Schultz may have walked away from professional fighting after only one fight, but he still watches the sport today. He coached retired UFC middleweight Chael Sonnen at BYU and introduced him to Brazilian Jiu-Jitsu. As for current fighters, Schultz said he is a fan of Johnny Hendricks, Cain Velasquez, Georges St. Pierre, and, well, "all the wrestlers."
Perhaps the biggest reason he is a fan of MMA today is because of how important it is for a fighter to have a strong wrestling base in his/her repertoire. It isn't a secret or a surprise that a majority of today's champions all have a strong wrestling background. For example, six out of the 10 UFC champions are wrestlers and there are standout wrestlers in other organizations too, like ONE FC welterweight champion Ben Askren and former Bellator lightweight champion Michael Chandler.
And the latter, Schultz said, once told him his famous 1982 NCAA championship match against Ed Bannach "is the second greatest match in history behind Larry Owings beating Dan Gable." Owings beat Gable in 1968 and Schultz stopped Bannach from winning his fourth-straight title in the lone match to be televised on ABC Wide World of Sports that year. Both matches are often mentioned in the conversation of greatest match ever.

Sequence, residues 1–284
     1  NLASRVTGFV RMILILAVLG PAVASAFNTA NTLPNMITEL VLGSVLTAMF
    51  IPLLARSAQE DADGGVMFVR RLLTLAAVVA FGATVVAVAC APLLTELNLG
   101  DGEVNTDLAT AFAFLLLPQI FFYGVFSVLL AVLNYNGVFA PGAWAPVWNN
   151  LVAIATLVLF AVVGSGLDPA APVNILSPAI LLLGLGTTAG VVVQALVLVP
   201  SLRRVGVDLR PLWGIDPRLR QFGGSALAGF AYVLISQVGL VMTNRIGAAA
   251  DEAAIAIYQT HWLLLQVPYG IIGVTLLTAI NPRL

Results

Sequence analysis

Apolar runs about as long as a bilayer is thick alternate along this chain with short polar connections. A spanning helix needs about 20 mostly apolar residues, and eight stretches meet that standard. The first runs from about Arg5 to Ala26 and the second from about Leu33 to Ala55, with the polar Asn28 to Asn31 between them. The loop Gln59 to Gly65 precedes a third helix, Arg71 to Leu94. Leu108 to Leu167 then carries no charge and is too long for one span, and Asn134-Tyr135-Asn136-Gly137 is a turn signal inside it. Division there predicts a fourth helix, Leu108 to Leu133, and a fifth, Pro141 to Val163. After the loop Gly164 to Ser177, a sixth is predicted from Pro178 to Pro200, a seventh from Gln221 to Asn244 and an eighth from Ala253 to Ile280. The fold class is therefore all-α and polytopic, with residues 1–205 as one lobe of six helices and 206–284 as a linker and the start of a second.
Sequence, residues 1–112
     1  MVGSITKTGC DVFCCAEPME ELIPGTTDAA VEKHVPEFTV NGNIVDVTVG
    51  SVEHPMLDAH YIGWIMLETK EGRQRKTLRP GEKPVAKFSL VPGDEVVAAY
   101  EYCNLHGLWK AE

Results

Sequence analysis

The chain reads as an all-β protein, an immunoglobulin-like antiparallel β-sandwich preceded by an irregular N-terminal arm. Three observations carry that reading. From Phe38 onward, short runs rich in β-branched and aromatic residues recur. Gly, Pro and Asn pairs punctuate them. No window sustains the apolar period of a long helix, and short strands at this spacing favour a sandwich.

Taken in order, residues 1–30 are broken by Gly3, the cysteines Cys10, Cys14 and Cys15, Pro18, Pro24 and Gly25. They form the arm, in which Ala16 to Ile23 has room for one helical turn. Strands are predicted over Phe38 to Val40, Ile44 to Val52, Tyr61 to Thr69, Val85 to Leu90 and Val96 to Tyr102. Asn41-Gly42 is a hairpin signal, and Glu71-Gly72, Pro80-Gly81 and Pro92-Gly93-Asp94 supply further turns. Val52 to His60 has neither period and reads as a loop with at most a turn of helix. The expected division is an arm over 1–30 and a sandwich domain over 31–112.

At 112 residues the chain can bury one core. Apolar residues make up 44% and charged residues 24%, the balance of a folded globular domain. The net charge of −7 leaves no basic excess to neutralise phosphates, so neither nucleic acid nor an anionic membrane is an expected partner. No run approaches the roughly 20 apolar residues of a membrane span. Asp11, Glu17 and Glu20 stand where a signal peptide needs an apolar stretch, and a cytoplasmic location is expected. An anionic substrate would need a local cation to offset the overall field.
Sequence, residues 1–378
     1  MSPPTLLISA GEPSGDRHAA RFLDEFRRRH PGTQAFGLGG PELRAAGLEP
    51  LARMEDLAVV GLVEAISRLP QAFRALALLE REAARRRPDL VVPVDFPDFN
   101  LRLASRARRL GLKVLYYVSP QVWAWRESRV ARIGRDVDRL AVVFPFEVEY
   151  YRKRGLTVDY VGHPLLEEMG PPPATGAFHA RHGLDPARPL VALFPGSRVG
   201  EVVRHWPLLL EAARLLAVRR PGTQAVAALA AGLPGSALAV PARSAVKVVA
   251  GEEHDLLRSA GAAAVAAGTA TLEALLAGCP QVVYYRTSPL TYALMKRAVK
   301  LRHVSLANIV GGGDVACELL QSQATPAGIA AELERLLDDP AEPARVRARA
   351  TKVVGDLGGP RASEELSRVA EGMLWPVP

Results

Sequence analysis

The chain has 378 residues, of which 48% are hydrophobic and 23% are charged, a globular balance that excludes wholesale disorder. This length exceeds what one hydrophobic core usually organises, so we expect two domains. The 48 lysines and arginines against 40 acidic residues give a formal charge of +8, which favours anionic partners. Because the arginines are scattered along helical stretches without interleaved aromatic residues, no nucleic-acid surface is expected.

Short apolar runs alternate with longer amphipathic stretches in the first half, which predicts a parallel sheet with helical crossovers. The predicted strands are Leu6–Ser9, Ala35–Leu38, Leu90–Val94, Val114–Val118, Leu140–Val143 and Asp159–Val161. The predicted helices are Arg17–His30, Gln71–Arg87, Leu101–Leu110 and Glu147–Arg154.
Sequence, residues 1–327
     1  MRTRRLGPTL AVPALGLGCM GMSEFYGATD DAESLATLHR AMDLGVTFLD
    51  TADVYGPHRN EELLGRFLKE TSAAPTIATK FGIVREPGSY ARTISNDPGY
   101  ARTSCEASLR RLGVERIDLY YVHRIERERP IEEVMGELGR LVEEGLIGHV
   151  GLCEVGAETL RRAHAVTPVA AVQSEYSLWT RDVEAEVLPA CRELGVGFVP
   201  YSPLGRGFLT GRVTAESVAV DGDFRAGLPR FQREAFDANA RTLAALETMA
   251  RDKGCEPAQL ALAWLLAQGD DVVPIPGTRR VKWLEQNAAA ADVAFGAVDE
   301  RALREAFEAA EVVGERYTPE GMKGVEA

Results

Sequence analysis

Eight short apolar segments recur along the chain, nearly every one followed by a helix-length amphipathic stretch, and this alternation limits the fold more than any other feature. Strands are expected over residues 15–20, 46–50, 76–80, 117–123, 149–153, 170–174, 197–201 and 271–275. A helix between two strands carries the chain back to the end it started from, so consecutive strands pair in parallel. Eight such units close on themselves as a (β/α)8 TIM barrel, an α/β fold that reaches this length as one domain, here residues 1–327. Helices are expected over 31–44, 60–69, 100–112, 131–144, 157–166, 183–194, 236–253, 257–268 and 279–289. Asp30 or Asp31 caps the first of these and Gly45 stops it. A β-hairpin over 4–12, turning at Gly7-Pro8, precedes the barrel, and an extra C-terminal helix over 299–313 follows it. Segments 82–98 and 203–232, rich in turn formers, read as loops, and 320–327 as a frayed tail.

MMA has proven wrestling holds its own against the other martial arts of the world and Schultz says it is undoubtedly the best foundation to becoming a complete mixed martial artist.
"The thing that I love about NHB and MMA is how it has brought wrestling out of the shadows and into the limelight as the greatest foundation of martial arts," Schultz said proudly. "Wrestlers can learn technique very easy. They can learn a rear naked or a double-wrist lock just as easy as they can learn a switch or stand up. It's just another move. It just ends up submitting a guy instead of scoring points. Plus wrestlers have the best conditioning. So if you can combine the foundation of wrestling with submission holds of Brazilian Jiu-Jitsu, the knees and kicks of Muay Thai, the punches of boxing, you have the ultimate martial art."